Sunday, September 23, 2012

The French Bra Quest

I fully intended to buy at least one French bra in Paris. Buying a bra - or two or three, whatever - even seemed prudent because Aggie and I were in Paris during the city's biannual sales. Interestingly, the French government allows only two sale events each year and even regulates markdowns in department stores. Where ever we found ourselves, shop windows proclaimed 40% off.

The biannual sales were a sensible reason, but not my only reason for purchasing a French bra(s). For several years, my favorite bras have had labels that read 'made in France.' I did not buy these lacy, interestingly designed bras for their labels. I bought and wear them because they are delicate with small colorful details and are simply fun to wear.

Before flying off to Paris, I'd begun to read Eloisa James 'Paris in Love' . Her book chronicles a year in Paris with husband and children and is chock full of impressions, anecdotes and very useful bites of information for the discriminating tourist I took myself to be. I finished her book on the flight, carefully turning down the corners of page after page where she wrote about markets and specialty shops, museums, parks, chocolate shops, flea markets, concert venues and BRAS.
James devotes two lengthy paragraphs to her experience of bra shopping in Paris that I was eager to replicate for myself.  I quote:
"At some point I walked into the lingerie department at Galeries Lafayette and shamelessly eavesdropped on a conversation between a saleswoman and a client, a very elegant, restrained woman d'un certain age, perhaps sixty-five or seventy. (That could have been me, dear readers.) Madame liked the design of a delightful handful of cream silk embroidered with black roses, but if it were not possible to buy panties that matched, then obviously the bra was not for her. It occurred to me that it was entirely possible that a lusty, equally elegant Parisian male, also of a certain age (or younger!) waited for her at home, but more important, his opinion would make no difference.
"She was dressing for herself. And her standards were high. I turned back to the rows of bras and tried to look at them through French eyes: as delicious, delightful accoutrements that would make my breasts look like confectionery pieces - for my own appreciation and pleasure. I swept up a handful and took them into the changing room.  Some minutes later, I regarded myself adorned in soft tulle and silk.  The traps were twisted together with tiny gold threads, making me feel like a Roman senator's wife. I bought that one, and another of pleated fuchsia silk, and a third in navy, scalloped along the edges."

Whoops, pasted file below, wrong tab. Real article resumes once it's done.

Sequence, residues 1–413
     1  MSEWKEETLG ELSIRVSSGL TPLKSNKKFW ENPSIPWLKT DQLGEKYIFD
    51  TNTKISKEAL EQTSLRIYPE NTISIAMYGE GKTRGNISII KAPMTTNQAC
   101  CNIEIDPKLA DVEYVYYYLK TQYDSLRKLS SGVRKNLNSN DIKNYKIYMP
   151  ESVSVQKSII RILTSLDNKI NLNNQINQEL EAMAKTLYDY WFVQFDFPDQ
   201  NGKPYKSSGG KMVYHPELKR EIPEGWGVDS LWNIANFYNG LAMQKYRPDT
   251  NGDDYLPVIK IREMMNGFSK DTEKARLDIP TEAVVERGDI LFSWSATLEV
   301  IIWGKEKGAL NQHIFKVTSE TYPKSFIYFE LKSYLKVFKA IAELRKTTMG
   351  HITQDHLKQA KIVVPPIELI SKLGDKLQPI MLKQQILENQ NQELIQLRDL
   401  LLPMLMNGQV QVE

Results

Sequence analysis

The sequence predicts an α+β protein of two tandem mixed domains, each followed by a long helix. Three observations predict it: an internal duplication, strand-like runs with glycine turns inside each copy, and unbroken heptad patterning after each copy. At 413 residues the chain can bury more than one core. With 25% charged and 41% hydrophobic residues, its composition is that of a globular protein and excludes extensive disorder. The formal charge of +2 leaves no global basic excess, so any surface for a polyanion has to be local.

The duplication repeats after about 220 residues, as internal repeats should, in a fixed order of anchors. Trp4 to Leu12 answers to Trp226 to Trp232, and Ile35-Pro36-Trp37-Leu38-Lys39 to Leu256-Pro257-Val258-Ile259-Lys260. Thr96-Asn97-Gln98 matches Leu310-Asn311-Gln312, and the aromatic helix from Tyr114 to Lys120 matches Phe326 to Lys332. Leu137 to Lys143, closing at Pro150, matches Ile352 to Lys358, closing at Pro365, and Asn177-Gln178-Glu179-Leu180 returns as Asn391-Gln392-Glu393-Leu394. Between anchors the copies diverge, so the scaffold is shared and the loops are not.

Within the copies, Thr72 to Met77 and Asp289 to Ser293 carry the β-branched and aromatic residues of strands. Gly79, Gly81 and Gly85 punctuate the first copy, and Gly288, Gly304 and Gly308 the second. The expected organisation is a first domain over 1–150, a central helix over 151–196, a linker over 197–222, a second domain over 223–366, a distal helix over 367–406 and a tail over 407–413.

Way to go. That is what I wished to do.

After a week of using that Paris Museum Pass, Aggie and I turned to activities that included a trip to that carnival that is Galeries Lafayette. Ostensibly, I was on a quest for a special soap recommended by Eloisa James. And of course, I was also looking for the lingerie department. Galeries Lafayette was overwhelming, mobbed with shoppers and rather like Macy's, Herald Square in New York, except that its architecture is more interesting.
We did not find the soap, but indeed we found the lingerie department and bins of light airy little bras. I asked the cost of a flowery bra with tiny ribbon rosettes. But for whatever reasons, I did not wander through that busy department picking up a collection of bras to take to a fitting room. I will never understand why, except that the rushed rhythm of the place was unsettling. I cannot believe I just wrote that. I am a store person, undeterred by anything when I am 'looking' and 'seeing' and 'searching.' I cannot believe that Aggie and I left the lingerie department without my purchasing a French bra(s).
Why on earth did this happen? The next day we passed a lingerie shop as we wandered along a small packed street.  Its window was filled with a display of bras draped over hand painted tables and chairs. The signs read 40%. There was a bra in the window that I loved on sight and yet, I did not march into this shop and ask to be fitted. The print was so French, the tucking delectable.
My story about buying French bra(s) does not end well. I brought not one of these delicate items home with me. It gets worse. Back in Houston, Top Drawer had its summer sale and I resisted, even after receiving a postcard and several emails from this shop where I do indeed buy my bras. Top Drawer stocks French bras. Never mind. The summer sale passed.
It is now fall and I realize that I've not purchased bras in over two years. Elastic is stretching, straps are falling off my shoulders. My bras don't fit like they used to. It would have been prudent to buy bras in Paris at 40% off. They were all adorable. What was I thinking?





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